As postulated in this column in July, the rising cost of energy, chip shortage and real estate coupled with the Second Winter levelling of Bitcoin from US$67,000 down to US$19,000 has led to the flushing out of non-profitable miners.

This has led to the Hash rate, which measures the total computational power used in a cryptocurrency network to process blockchain transactions or mine, stabilising and turning up even whilst Bitcoin prices eased.

Could natural selection have occurred and the weakest have been carried out? Hash rate bottoms and turnarounds have been associated with previous cycles of crypto bust to boom turnarounds. This is analogous to chip production cycles in more traditional industries like semiconductors.

It could be that the worst is over, and we have crossed like Punxsutawney Phil, our groundhog says, peak winter. It is not likely to be spring in six weeks, and there are still too many scams, fraudsters and dodgy business models, so one has to be very cautious.

In sticking to the credible platforms licensed by decent regulators, including the US and Singapore ones, at least that would be one degree of assurance. Still, I would not be wadding in for a flutter and certainly not in size.

When in doubt

Those who have decided to take the summer off will miss all these sideshows. Sticking to the tried and tested in Sunny Singapore continues to pay dividends (literally) as the halfyear and quarterly dividends get credited to your designated bank account.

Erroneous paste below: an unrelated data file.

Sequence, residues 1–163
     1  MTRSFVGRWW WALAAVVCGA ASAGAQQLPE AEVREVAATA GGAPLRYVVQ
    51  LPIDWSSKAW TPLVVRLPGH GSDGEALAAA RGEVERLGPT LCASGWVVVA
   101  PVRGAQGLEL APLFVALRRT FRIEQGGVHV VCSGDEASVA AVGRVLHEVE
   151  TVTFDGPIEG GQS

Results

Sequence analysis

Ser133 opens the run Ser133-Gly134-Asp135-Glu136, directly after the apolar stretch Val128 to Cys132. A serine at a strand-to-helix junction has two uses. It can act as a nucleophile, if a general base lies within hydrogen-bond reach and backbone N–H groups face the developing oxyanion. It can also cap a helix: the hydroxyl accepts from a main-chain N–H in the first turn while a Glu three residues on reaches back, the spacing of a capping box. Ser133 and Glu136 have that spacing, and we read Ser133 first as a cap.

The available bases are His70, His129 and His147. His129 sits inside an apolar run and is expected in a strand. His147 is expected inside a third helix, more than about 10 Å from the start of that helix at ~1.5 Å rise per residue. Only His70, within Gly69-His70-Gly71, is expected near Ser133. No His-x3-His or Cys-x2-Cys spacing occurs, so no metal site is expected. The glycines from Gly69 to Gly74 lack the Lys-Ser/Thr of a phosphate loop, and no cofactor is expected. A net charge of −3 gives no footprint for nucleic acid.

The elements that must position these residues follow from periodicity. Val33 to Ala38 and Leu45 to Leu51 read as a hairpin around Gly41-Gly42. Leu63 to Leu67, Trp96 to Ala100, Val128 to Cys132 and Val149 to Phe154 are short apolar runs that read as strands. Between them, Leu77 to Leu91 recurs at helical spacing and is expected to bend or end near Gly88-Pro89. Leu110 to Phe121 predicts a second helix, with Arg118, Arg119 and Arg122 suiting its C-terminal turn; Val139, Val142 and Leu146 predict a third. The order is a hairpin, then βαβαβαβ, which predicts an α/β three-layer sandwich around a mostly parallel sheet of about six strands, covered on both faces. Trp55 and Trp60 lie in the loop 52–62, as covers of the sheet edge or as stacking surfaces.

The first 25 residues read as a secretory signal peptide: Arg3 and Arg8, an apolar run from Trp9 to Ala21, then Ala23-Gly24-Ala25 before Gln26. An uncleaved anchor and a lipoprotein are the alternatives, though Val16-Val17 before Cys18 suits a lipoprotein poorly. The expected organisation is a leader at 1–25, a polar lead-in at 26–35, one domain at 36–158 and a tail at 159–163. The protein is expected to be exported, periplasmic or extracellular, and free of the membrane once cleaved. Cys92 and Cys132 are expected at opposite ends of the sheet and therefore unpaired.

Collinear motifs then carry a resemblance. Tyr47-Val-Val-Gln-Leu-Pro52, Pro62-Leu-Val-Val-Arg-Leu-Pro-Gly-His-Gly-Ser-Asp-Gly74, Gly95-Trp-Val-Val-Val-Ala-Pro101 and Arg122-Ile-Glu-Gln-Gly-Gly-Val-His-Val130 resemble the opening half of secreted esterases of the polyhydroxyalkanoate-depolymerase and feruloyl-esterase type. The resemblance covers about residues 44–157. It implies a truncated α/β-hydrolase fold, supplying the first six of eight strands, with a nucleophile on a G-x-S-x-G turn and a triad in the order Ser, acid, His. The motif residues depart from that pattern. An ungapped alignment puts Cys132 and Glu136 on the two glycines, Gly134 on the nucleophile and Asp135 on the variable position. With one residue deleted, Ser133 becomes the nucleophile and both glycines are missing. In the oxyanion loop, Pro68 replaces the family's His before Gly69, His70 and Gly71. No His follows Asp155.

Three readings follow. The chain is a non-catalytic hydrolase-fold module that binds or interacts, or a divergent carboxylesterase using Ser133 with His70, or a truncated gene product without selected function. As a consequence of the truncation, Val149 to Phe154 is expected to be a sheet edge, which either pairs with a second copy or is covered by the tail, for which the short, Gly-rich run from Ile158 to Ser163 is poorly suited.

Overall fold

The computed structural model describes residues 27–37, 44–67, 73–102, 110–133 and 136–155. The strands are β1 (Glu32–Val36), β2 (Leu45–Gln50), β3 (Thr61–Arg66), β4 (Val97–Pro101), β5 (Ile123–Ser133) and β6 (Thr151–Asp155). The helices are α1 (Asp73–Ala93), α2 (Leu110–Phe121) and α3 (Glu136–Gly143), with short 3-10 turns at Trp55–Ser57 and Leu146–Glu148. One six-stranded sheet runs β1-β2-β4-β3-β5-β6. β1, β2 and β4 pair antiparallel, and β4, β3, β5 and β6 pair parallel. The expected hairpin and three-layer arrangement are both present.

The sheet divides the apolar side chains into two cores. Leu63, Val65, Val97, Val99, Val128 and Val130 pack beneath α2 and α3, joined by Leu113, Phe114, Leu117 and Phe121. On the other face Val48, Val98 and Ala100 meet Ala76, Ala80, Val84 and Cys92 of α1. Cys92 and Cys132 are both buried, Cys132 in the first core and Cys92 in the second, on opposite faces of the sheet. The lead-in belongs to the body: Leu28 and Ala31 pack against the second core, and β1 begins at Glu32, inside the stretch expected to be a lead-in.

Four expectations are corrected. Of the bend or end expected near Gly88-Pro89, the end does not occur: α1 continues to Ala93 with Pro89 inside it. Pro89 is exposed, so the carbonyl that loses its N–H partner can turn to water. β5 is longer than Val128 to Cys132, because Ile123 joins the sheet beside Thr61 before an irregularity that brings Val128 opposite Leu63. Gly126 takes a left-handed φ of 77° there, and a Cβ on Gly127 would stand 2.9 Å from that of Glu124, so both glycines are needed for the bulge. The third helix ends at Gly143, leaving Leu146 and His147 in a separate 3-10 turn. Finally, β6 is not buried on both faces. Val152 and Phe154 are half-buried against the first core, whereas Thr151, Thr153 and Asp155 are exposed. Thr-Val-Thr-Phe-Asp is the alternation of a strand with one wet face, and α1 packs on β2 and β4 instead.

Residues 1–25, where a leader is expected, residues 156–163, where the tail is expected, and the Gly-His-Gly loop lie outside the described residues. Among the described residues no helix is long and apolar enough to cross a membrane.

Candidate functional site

I was chuffed that one theme we emphasised in this column played out again. Tuan Sing Holdings has just offered to privatise its 80.2%-held subsidiary SP Corp for $1.59 — a nice 165% gain from its last trade of 59 cents. Jackpot! It may appear, but this offer price is SP Corp’s book value. Excluding any premium, minority investors who are patient realise value!

Perhaps I am getting old and remain biased for value and sceptical about fluffy growth. But there are still many stocks, unloved and forgotten, misunderstood, or marked down temporarily because of special situations, trading a fraction of their NAV or cash value.

By doing a bit of research (or by reading The Edge Singapore), it is possible to get out of the groundhog day of markets moving against you, and there is no need to wade completely into the metaverse yet.

Buy the value of the discount and sleep peacefully. When the trends are clearer, and the bulls come back, you can pretend to be a genius in the stock market again.

Chew Sutat retired from Singapore Exchange after 14 years as a member of its executive management team. During his watch, the exchange transformed from an Asian gateway into a global multi-asset exchange and he was awarded FOW’s lifetime achievement award. He serves as chairman of the Community Chest Singapore